Was there life on Mars? NASA rover discovers suitable conditions for ancient microbes

13 Mar 20135 Shares

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Rock abrasions from NASA's Opportunity rover (left) and Curiosity rover (right), the latter of which produced grey tailings suggesting the presence of partially oxidised chemicals compatible with habitability. Images via NASA/JPL-Caltech/Cornell/MSSS

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NASA’s Curiosity rover, which has been exploring the Gale Crater on Mars since August last year, has discovered conditions once suited to supporting life on this neighbouring planet.

The robotic rover collected a sample of sedimentary rock near an ancient stream bed in the crater last month. Scientists analysed this and have identified sulphur, nitrogen, hydrogen, oxygen, phosphorous and carbon –some of the key chemical ingredients of life.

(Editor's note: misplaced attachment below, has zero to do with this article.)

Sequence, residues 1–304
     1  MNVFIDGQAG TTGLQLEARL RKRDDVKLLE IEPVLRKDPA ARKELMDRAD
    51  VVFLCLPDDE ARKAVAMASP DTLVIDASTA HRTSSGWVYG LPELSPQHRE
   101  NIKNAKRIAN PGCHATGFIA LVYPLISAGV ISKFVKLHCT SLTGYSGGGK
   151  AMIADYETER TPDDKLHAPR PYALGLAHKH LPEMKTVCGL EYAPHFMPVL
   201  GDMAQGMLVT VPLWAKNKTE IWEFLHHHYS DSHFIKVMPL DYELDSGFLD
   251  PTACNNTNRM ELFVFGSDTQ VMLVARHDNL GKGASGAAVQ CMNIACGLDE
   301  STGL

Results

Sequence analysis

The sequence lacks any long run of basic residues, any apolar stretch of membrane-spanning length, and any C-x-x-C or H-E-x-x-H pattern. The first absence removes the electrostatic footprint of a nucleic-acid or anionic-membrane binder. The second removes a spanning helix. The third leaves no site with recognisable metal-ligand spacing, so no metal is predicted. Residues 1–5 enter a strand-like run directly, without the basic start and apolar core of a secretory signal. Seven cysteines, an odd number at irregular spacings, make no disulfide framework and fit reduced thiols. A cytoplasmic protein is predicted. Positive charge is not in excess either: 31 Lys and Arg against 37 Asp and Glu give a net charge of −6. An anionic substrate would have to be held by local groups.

Does this mean that there was once life on Mars? “A fundamental question for this mission is whether Mars could have supported a habitable environment,” said Michael Meyer, lead scientist for NASA’s Mars Exploration Programme at. “From what we know now, the answer is yes.”

Data from Curiosity’s sample analysis and chemistry and mineralogy instruments indicates that the Yellowknife Bay area that it is now exploring was once a habitable environment for living microbes. It is interpreted that this area was once the end of a river system or an intermittently wet lake bed that could have provided chemical energy and other favourable conditions for life.

Scientists have also discovered clay minerals and a mixture of oxidised, less-oxidised and non-oxidised chemicals in Curiosity’s samples. “The range of chemical ingredients we have identified in the sample is impressive, and it suggests pairings such as sulfates and sulfides that indicate a possible chemical energy source for micro-organisms,” explained Paul Mahaffy, one of NASA’s principal investigators of Mars sample analysis.

The partial oxidisation of chemicals in the samples has given rise to the idea of an earlier ‘grey Mars’, before it was the Red Planet, when conditions would have supported life. An additional sample will be used to help confirm these results.

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Elaine Burke is managing editor of Siliconrepublic.com

editorial@siliconrepublic.com